Whatever lies ahead, this campaign is off to a much more rousing start than anyone anticipated, and the fun, and drama, are just beginning.

Monday, January 2, 2012

Chasing Shadows

For 36 years now (my God, how could I possibly be this old?) I have been predicting the major party presidential nominees before the caucuses and primaries begin.  Through some inexplicable confluence of luck, gut hunches (or maybe that was just something I ate) and complex planetary alignment, I'm 9-for-9 picking the GOP nominee.  I'm only 7-for-9 on the Democrats - and I've got a two-race losing streak (yeah yeah, still living down that Howard Dean pick in '04 and smarting from that Hillary guess last time).

Past results are no guarantee of future success.  The more "expert" I supposedly become, the less I seem to know - although I did predict John McCain's nomination while the rest of the punditocracy was still planning Rudy Giuliani's inauguration, so some of my fading instincts remain intact.

At any rate, it is the eve of the 2012 Iowa Caucus, which means it's time to resurrect the blog just in time to crawl out on a very shaky limb and make my quadrennial prognostications, whether I want to or not.

This time, the Democrats are easy.  Despite those mystifying robocalls touting Hillary Clinton as a replacement candidate for Barack Obama, I will boldly and confidently predict that President Obama will win the Democratic primaries and be nominated for a second term.  There.  Snapped that losing streak on the donkey side (and I don't buy that Clinton-and-Biden-job swap rumor for a second, either.  Sorry, Robert Reich, your trial balloon has just been popped).

As for the Republicans...well, the last 12 months might as well have never happened.  A year ago, Mitt Romney was the frontrunner and the nominee apparent, and I've seen nothing to change that calculus.  The most conservative GOP voters still don't trust him.  Most of the evangelicals will never support him.  But I still don't see a viable alternative for the Republican Party.  Each of the more conservative candidates has taken a turn as the Not Romney, and each has faded as fast as he or she has risen.  I'm puzzled by why it's taken this long for Rick Santorum to get his chance, and perhaps since his surge is coming last, he can actually parlay it into an Iowa caucus victory and a sustained spell as the Anyone But Romney candidate.  Santorum's always been the longest of long shots - ultra-conservative, he couldn't even get re-elected in Pennsylvania so how could he win the presidency? - but he comes across as smart, sincere and committed.  No one can question his conservative principles or his knowledge of the issues, which you'd think would endear him to the voters who matter most in an Iowa GOP caucus.  Through every spasm of excitement about Trump, Perry, Bachmann, Cain, I wondered why Santorum wasn't catching fire with the right, and if he ever would.  Finally, he is, and just in time for him to emerge from Iowa, improbably, in the top tier.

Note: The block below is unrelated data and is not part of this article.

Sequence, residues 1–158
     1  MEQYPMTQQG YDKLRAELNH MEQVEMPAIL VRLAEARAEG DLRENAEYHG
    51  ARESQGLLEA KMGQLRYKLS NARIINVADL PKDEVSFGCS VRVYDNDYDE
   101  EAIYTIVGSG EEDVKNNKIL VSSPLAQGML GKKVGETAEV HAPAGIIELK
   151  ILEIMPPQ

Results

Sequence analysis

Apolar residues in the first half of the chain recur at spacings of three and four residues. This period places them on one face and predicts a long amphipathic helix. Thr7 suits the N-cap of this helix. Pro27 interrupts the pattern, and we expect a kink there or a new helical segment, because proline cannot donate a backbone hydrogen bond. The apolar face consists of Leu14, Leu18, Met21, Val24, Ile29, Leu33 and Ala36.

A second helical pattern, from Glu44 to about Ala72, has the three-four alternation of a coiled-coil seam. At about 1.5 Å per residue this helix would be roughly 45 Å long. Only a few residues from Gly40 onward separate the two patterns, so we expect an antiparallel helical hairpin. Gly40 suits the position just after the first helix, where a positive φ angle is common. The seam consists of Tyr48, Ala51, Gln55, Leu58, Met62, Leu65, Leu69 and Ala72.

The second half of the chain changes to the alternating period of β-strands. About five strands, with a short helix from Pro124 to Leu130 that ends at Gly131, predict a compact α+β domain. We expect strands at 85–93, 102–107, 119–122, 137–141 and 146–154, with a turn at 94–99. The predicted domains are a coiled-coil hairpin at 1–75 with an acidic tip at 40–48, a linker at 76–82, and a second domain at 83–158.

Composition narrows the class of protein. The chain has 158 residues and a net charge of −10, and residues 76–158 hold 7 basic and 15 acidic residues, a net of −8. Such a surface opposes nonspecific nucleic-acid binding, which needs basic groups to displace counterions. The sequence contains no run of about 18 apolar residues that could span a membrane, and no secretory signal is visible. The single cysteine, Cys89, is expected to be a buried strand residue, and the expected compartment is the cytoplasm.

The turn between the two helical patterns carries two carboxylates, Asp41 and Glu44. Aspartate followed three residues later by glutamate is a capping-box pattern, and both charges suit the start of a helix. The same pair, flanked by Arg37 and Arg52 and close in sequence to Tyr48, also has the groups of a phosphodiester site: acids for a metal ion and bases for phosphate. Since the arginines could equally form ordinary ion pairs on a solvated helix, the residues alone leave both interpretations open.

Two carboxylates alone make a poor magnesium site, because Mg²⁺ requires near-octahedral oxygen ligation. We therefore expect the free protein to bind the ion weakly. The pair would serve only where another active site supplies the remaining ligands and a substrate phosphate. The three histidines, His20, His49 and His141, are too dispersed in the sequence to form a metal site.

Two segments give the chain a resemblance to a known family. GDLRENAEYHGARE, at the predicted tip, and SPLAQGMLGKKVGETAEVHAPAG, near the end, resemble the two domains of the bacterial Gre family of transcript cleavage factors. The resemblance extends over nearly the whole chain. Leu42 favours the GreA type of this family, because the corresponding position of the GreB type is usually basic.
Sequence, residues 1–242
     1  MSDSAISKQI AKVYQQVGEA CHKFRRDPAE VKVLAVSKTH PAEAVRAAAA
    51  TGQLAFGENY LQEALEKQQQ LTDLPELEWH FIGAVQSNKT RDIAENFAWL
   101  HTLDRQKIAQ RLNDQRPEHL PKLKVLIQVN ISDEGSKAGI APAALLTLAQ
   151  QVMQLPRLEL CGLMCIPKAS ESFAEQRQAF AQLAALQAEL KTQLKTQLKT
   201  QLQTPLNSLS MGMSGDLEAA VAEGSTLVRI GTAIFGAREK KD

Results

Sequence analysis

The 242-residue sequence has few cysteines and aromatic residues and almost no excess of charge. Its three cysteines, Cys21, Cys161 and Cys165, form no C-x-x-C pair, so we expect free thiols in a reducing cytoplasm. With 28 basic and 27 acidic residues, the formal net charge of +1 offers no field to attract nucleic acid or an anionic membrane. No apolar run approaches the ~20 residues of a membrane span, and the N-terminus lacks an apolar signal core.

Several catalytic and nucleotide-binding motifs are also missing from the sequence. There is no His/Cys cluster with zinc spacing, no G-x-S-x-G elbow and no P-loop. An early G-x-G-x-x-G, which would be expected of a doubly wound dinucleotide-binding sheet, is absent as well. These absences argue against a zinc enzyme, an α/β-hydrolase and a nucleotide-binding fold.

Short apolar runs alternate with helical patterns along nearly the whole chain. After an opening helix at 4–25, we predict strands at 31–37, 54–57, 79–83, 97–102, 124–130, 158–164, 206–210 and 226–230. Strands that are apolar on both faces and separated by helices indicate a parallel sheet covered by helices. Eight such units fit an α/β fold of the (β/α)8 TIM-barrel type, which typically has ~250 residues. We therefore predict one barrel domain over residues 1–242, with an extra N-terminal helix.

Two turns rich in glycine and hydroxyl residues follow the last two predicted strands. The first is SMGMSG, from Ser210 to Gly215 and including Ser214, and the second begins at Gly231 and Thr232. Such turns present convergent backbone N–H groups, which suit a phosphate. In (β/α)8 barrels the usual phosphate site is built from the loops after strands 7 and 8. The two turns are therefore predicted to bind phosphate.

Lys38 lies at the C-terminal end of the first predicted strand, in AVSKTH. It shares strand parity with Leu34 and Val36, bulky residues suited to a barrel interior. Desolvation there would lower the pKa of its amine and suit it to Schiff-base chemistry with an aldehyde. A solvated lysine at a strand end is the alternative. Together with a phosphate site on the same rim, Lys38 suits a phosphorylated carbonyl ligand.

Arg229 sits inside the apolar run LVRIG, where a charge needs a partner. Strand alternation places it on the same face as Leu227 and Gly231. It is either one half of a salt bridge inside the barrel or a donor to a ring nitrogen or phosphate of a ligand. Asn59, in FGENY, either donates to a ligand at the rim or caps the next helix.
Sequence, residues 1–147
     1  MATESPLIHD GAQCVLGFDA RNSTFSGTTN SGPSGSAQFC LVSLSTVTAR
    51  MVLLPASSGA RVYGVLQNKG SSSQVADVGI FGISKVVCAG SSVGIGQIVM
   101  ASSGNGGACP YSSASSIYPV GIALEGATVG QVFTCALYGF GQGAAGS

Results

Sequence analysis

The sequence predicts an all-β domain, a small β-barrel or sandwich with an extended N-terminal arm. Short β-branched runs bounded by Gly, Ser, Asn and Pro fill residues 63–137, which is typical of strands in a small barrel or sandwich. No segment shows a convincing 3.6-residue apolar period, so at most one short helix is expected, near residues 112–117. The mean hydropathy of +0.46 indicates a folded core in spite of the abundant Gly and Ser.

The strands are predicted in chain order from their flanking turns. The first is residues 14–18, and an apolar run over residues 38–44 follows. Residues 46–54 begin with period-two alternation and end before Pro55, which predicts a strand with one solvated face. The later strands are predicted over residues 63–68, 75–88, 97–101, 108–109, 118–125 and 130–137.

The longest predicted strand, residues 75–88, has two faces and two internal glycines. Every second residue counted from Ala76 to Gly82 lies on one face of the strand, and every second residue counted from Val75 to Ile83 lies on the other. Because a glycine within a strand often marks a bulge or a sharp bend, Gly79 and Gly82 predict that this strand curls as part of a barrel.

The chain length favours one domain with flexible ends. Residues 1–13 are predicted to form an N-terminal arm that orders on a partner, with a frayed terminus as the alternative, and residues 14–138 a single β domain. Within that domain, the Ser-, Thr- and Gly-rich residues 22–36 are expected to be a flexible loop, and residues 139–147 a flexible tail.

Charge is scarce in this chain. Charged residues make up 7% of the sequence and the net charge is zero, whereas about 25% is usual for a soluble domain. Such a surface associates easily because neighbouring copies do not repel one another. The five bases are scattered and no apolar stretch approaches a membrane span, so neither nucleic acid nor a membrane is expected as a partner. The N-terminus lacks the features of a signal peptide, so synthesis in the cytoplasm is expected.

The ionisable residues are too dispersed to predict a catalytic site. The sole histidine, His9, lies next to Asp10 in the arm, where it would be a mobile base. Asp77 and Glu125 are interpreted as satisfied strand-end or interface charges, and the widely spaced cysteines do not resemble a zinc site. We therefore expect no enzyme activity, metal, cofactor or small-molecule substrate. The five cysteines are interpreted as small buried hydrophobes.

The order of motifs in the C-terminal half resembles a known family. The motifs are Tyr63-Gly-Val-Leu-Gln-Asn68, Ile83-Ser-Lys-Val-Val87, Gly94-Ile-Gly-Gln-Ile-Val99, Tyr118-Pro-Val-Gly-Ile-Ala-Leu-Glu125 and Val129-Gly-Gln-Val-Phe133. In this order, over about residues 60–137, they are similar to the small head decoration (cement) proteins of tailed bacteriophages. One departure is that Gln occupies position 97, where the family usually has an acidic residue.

But even if Santorum or Ron Paul wins in Iowa tomorrow, it won't be enough to deny Mitt Romney the nomination.  Neither of them can broaden his appeal beyond the party's right wing, and neither can plausibly move enough to the middle to defeat President Obama in November.  The Republicans remain torn in the way that the out party always is: when the Democrats aren't in control, there's a fight between its liberal wing and the pragmatists who want to nominate a centrist who can win the White House (read: Bill Clinton).  When the GOP is on the outs, it squabbles between the conservative purists and the nominate-an-electable-moderate crowd.  In California, the conservatives consistently outnumber the pragmatists, which is why the Republican Party here is sliding towards irrelevance.  The conservatives dominate the process in Iowa, too.  But the national GOP establishment desperately wants to deny Obama a second term, so it is rallying around Romney now, trying to consolidate his support and present his nomination as inevitable.  It probably is.

Romney, Paul and Santorum will all declare victory of sorts in Iowa, no matter who wins the most votes (or the most delegates, which won't be decided until much later in Iowa's nominating process). Either Newt Gingrich, Rick Perry or Michele Bachmann probably will too - whichever of them runs fourth will pronounce him/herself this cycle's "comeback kid" and live, briefly, to fight on in New Hampshire and South Carolina.  But the rest will be mortally wounded and will bow out, followed soon enough by Jon Huntsman after he gets blasted back to Utah by Romney in the New Hampshire primary.

That will leave Romney as the mainstream establishment frontrunner, and Paul and Santorum to slug it out for the conservative mantle.  When the campaign shifts to Florida at the end of the month, Romney's superior organization and financial firepower will win that state's winner-take-all retail TV ad war, and he will win again in Nevada a month from now to essentially end the race.  The campaign to actually clinch the nomination will slog on, now that the GOP has changed its rules so that most states award delegates proportionally, but it will become a formality, and the Obama-Romney general election sniping will begin in earnest by Groundhog Day.

Which is apropos, since Mitt Romney has been looking over his shoulder at the shape-shifting shadow of "the conservative candidate" for more than a year now.  Within a month, the sun will be shining brightly enough on his candidacy to spring him forward, into a fall fight with President Obama.

Tune to KCBS (740AM/106.9FM/ for returns from Iowa, with attendant analysis, and from New Hampshire next week.  I will be blogging on a regular basis again now that 2012 is here and my Twitter novel is in the rear view mirror.